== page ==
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Events

Sep 19
Please RSVP by Sept 13th
The University College Alumni Association (UCAA) invites you to come learn about the College’s plans for the coming academic year and give your feedback on our programming.

The UCAA’s objective is to promote community among alumni, and between alumni, students, and University College. The UCAA presents the opinions and recommendations of alumni to the administration and faculty of the College, and serves as a resource in advancing the College’s mission.
Sep 26
Lecture
Please RSVP by Sept 17th
When Justin Trudeau won the 2015 federal election, predictions that he’d be prime minister for at least two terms came even before his first had begun. After all, his youth and Canada’s electoral history suggested a mere four years of Liberal government was unlikely. Instead, the 2019 election turns out to be highly competitive. UC Alumnus John Geddes, Maclean’s magazine’s Ottawa bureau chief, will talk about the contest as it gathers steam.    
Oct 3
Endowed Lecture Series
This lecture explores the ways in which the exterior walls of houses serve as boundaries, screens and skins on which both architects and viewers project meanings. Drawing on "Modern," vernacular, and historicist examples, the lecture considers cultural values, gender and sexuality, interrogating the meaning of transparency, both literal and figurative, and highlighting the ways in which private lives and non-conforming or queer households can be concealed behind the walls of "poker-faced" houses. 

Lecture: 4:30pm in UC 140
Reception to follow in UC 240 
Oct 24
Endowed Lecture Series
Young children rapidly develop a basic, commonsense understanding of how the world works.  Research on infants suggests that this understanding rests on early emerging cognitive systems for representing bodies and their motions, agents and their actions, people and their social engagements, places and their relations of geocentric distance and direction, forms and their scale-invariant geometry, and number:  six systems of core knowledge. These systems are innate, abstract, strikingly limited, and yet present and functional throughout human life.  Infants’ knowledge then grows both through gradual learning processes that people share with other animals, and through a fast and flexible learning process that is unique to our species and emerges with the onset of language. The latter process composes new systems of concepts productively by combining concepts from distinct systems of core knowledge.  The compositional process is poorly understood but amenable to study, through coordinated behavioral testing and computational modeling of infants’ learning. To illustrate, this talk will focus on core knowledge of objects, agents, and number, and on two new systems of concepts that emerge over human development and support uniquely human achievements:  the artifact concepts underlying prolific tool use, and the numerical concepts underlying counting and exact arithmetic.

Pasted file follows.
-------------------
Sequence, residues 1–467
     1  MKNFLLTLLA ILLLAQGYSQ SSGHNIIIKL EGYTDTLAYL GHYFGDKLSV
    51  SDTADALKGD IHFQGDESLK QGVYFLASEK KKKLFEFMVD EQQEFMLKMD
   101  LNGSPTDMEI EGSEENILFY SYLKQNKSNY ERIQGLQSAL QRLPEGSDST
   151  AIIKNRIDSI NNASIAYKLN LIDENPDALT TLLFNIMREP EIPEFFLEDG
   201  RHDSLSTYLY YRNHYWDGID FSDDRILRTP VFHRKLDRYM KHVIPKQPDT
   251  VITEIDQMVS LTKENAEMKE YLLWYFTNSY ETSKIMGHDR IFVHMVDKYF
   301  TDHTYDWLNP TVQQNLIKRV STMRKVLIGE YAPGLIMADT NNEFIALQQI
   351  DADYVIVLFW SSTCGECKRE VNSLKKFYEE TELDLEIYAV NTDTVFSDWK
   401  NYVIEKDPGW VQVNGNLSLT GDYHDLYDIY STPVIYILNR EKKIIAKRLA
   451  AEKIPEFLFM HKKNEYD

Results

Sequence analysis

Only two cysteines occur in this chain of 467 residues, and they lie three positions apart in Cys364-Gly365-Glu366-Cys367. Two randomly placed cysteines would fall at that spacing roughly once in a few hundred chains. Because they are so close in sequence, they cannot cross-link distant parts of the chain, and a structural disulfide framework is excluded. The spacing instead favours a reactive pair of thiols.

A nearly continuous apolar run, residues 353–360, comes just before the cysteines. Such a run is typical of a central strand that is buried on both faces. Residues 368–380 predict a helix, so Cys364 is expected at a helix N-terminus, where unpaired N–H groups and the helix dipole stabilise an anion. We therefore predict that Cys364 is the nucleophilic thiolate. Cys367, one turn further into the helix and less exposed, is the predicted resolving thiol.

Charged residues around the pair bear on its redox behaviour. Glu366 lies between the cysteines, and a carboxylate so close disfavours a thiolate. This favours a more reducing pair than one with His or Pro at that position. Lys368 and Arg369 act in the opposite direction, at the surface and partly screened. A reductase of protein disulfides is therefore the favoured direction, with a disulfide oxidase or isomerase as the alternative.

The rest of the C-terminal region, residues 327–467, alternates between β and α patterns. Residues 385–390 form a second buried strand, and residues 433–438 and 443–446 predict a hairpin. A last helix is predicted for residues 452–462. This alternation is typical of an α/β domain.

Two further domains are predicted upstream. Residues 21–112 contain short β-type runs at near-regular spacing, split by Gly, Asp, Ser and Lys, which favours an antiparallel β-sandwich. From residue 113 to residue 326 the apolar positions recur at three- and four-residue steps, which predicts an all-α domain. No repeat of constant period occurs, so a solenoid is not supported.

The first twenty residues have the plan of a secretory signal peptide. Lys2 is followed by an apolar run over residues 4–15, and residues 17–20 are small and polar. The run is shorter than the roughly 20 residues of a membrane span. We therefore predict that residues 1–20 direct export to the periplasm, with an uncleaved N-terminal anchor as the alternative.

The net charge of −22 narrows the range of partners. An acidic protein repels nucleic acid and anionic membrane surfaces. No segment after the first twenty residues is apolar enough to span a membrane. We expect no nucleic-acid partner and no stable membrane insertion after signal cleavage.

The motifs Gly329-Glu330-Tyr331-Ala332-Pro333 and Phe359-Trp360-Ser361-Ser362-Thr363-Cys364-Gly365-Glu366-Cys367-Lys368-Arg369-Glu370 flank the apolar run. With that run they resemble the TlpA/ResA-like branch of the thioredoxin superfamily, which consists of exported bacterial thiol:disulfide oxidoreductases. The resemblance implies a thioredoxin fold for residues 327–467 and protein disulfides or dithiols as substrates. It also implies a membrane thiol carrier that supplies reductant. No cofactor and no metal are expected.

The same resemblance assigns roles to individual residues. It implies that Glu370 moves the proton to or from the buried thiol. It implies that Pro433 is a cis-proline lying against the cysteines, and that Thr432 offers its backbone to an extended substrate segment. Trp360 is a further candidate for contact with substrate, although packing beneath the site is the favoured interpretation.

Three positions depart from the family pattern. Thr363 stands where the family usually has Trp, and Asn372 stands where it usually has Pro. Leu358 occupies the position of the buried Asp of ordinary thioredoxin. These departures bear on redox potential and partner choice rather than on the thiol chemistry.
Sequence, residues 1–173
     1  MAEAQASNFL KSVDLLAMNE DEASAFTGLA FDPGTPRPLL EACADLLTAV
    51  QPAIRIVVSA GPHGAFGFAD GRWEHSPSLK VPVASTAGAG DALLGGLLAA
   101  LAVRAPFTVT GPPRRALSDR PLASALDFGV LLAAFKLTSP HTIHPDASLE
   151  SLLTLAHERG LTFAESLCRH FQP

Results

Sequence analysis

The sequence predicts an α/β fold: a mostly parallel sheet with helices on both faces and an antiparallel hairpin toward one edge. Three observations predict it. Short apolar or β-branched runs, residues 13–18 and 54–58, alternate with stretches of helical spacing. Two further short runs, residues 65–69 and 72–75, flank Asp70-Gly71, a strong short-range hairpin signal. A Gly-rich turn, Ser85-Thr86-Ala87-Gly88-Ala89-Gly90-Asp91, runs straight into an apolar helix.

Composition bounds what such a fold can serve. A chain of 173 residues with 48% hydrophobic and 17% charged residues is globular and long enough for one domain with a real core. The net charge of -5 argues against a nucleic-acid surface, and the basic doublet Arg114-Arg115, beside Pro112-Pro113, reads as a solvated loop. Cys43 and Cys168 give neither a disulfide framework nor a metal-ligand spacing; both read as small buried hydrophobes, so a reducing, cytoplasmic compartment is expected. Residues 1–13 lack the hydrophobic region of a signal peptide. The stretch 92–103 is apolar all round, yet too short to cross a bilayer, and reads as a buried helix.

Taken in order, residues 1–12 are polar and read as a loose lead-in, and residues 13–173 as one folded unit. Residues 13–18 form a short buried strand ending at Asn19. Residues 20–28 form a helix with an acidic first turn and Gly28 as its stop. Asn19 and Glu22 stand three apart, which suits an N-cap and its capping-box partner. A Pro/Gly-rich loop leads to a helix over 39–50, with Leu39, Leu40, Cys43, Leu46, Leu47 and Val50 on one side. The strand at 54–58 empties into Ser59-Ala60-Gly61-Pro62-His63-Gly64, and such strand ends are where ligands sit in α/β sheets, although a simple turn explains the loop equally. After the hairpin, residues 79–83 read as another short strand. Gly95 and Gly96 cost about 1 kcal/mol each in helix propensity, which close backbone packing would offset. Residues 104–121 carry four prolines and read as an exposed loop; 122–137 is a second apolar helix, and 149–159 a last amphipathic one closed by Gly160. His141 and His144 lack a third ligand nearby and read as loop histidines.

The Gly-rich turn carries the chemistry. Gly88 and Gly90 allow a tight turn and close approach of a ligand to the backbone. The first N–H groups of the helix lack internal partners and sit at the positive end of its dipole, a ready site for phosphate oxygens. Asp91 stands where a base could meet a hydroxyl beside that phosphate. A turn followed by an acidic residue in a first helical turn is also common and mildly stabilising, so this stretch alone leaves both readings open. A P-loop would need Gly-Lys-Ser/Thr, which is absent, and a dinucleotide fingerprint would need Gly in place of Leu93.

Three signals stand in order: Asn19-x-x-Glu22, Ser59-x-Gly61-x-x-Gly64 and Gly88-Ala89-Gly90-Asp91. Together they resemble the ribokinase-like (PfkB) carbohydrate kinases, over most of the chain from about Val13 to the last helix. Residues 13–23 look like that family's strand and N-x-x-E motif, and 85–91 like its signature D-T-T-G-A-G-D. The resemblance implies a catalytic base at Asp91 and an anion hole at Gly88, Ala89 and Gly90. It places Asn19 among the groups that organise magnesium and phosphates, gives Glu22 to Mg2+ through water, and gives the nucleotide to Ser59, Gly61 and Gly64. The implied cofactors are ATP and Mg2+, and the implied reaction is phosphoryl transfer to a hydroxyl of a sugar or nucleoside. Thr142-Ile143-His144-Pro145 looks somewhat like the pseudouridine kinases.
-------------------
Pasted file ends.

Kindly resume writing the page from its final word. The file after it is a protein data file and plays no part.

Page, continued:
Lecture: 4:30pm in UC 140
Reception to follow in UC 240 
Nov 13
Reception / Ceremony
The Alumni of Influence awards were established in 2012 in the belief that the success stories of our alumni should be known to current students and fellow graduates.
Nov 21
Endowed Lecture Series